Even though we lost a reliable tenant, my mother insists that it was a good thing that she raised the rent and got R to move out, because if he had just been renting the garage out of habit and it wasn’t benefiting him, it was wasteful for him to have the garage instead of someone who could really use the space, and it was also wasteful for him to keep paying us. Eventually, we did get a new tenant at the higher rent, though considering the effort it takes to get new tenants and that the garage doesn’t bring in any money when it’s vacant, I think raising the rent on R did not financially benefit us (this is assuming he wouldn’t have decided to move out of his own accord even if we hadn’t raised the rent).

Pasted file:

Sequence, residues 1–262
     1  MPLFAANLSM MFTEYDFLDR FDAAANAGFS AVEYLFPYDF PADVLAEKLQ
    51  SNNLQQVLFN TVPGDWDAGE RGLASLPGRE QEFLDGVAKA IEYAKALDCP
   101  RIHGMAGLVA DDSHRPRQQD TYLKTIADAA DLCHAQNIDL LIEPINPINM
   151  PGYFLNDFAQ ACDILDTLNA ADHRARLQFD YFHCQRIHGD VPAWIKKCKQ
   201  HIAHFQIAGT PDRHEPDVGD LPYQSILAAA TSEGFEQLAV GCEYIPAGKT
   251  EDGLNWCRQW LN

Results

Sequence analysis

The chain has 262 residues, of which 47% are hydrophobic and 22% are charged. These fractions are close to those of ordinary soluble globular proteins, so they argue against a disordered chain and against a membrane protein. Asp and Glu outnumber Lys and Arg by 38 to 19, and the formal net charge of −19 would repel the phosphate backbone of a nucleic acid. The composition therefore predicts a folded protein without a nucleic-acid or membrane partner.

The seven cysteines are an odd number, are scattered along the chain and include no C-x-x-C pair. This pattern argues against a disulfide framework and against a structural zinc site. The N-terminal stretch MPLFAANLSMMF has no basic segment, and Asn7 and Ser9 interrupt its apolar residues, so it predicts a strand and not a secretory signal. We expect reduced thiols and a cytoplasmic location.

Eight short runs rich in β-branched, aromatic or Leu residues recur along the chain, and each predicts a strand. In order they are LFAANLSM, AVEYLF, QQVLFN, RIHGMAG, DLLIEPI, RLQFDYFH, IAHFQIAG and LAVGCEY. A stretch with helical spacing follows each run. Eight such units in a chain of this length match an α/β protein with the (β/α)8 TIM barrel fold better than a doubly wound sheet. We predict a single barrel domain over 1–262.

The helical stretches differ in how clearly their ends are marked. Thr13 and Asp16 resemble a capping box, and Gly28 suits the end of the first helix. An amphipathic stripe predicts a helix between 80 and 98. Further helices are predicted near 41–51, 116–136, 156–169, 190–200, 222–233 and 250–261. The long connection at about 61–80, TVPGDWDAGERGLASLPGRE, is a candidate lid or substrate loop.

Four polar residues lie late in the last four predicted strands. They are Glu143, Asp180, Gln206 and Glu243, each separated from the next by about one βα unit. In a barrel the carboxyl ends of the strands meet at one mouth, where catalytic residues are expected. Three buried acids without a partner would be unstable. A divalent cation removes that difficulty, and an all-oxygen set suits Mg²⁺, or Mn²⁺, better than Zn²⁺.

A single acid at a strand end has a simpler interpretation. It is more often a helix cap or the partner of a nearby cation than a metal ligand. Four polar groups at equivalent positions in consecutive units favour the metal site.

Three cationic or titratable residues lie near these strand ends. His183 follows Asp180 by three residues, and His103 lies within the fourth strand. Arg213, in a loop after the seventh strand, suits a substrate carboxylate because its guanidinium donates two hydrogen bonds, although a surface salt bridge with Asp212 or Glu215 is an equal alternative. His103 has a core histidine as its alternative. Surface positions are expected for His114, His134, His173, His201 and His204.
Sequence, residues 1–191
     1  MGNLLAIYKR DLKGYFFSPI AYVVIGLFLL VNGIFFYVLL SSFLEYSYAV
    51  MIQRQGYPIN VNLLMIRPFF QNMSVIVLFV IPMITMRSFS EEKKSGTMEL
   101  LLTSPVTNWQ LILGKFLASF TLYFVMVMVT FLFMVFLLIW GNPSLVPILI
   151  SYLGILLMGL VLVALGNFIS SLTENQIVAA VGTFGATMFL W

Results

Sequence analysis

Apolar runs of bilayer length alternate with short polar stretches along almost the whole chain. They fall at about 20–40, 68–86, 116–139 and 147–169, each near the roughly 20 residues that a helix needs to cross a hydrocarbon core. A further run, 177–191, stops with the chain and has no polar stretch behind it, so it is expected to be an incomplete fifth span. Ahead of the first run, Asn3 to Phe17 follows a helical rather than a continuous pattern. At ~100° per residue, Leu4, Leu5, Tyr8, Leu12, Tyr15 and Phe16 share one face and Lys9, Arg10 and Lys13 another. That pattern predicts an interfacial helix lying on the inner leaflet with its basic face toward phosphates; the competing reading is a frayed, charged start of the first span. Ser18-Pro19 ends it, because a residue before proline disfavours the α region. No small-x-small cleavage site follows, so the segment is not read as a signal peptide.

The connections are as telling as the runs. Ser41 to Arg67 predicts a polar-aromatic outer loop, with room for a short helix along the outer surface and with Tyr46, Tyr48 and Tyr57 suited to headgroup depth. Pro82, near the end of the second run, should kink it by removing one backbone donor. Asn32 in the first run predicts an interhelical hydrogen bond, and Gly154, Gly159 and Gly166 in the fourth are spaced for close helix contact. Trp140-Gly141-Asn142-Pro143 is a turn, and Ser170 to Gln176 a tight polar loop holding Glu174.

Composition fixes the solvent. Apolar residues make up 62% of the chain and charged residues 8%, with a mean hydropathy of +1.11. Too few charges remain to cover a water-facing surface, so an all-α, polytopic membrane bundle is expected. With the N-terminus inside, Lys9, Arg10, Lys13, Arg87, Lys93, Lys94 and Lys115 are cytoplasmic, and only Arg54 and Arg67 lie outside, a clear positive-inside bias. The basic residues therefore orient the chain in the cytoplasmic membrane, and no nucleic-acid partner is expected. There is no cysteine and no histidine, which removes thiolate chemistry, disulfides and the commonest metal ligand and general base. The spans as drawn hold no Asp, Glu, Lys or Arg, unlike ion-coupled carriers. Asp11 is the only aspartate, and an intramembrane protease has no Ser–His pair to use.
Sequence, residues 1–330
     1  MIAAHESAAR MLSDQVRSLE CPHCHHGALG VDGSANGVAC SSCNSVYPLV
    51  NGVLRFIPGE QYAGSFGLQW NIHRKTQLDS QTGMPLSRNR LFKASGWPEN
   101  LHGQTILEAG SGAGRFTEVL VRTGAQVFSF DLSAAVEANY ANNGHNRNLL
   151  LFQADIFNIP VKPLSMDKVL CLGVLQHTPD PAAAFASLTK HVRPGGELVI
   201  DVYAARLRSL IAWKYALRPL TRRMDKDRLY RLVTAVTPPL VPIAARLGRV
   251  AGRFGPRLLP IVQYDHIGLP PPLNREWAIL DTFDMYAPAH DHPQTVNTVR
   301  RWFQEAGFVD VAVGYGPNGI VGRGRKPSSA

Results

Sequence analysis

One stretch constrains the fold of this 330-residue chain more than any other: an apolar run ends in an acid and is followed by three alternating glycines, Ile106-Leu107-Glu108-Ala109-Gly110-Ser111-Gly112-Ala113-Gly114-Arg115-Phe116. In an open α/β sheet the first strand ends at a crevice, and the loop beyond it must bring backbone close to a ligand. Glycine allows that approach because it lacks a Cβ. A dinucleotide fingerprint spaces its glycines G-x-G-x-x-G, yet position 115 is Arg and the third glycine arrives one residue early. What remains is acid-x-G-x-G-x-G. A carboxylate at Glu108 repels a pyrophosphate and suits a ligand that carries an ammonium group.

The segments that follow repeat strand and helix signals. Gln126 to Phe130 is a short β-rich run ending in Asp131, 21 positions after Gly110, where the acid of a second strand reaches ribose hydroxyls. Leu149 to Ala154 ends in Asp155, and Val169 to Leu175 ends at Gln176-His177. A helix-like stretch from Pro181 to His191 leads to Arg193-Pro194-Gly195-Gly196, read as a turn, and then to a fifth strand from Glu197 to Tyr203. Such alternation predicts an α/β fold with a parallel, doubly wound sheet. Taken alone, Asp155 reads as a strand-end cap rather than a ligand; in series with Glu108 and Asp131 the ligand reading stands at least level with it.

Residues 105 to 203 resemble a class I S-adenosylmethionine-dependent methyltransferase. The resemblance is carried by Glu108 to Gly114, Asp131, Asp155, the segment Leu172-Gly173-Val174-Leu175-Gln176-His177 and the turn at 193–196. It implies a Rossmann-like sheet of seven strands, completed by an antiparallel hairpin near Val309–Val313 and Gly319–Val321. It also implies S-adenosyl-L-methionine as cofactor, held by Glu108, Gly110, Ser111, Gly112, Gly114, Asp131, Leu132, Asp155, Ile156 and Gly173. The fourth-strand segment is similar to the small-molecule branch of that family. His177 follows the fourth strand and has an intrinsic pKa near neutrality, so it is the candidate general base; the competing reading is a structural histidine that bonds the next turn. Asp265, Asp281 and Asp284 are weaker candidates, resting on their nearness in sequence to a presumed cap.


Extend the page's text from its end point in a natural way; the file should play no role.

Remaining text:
If you pay attention to books/podcasts/blogposts/etc. about decluttering/organizing/minimalism/etc. you are aware that R matches the stereotype of the storage unit tenant who wastes money on storage ever month because they cannot bring themselves to discard things which are not contributing to their life, such as items which belonged to deceased family members which they don’t want but also feel guilty about discarding. According to such media, the vast majority of storage unit tenants are like R, and the ones who aren’t are the exception. That may be true of the big brand storage unit facilities – I know little about how their tenants use their spaces – but as far as our tenants go, R was in the minority.